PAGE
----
Osteoporosis

This is the term given to the loss of bone density, most commonly found in post-menopausal women but can also be present in men and women of younger ages. The presence of osteoporosis increases the risk of bone fractures, most commonly at the wrist, spine or hip but they can occur anywhere in the body. Other symptoms include back or hip pain, loss of height or a hump formation in the upper back.

Osteoporosis is diagnosed by a DEXA scan that measures bone density. If you have been diagnosed with Osteoporosis or Osteopenia (a precursor to osteoporosis) it is important that you attend a physiotherapist for advice on exercises to help improve your bone density and reduce your risk of fracture. Physiotherapy can also help reduce pain and improve your flexibility and balance.

Methods to prevent osteoporosis:

Exercise

Exercise and nutrition throughout ones life delays bone degeneration. Jogging, walking, or stair climbing at 70-90% of maximum effort three times per week, along with 1,500 mg of calcium per day, increased bone density of the spine by 5% over nine months. Individuals already diagnosed with osteopenia or osteoporosis should discuss their exercise program with their physiotherapist to avoid fractures.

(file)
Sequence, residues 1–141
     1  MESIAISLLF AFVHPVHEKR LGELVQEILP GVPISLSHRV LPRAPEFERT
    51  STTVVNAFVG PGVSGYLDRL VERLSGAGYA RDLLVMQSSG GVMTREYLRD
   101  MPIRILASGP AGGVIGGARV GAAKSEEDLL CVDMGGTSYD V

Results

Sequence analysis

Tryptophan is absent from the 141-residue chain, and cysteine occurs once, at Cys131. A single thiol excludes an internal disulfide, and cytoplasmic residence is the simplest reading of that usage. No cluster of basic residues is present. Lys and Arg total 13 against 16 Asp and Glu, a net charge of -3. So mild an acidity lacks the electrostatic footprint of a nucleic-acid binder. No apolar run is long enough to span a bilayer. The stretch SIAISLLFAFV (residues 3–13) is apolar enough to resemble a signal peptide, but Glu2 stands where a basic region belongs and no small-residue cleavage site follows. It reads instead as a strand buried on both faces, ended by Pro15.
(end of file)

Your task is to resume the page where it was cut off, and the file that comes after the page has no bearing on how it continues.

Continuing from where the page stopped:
Nutrition

Proper nutrition includes a diet sufficient in calcium and vitamin D. Patients at risk for osteoporosis (e.g. steroid use or Cancer treatments) are generally treated with vitamin D and calcium supplements and often with bisphosphonates. Vitamin D supplementation alone does not prevent fractures, and always needs to be combined with calcium.

How can physiotherapy help?

Physiotherapists can help you improve your muscle strength, advise on exercises that build your bone density and, if you are at risk of falling, advise on how you can improve your balance. Bone is a living tissue that can be built up through exercise, so a physiotherapist will work with you to design a personal programme that suits you.

What will happen when I see a physiotherapist?

The physiotherapist will carry out a detailed assessment of your health, mobility, and balance to see how these factors are affecting your ability to be physically active.

Your consultation is likely to include:

  • a range of exercises or physical activities to do at home
  • advice on making exercise safe for you.
  • if you have already broken a bone, advice on pain relief and mobility.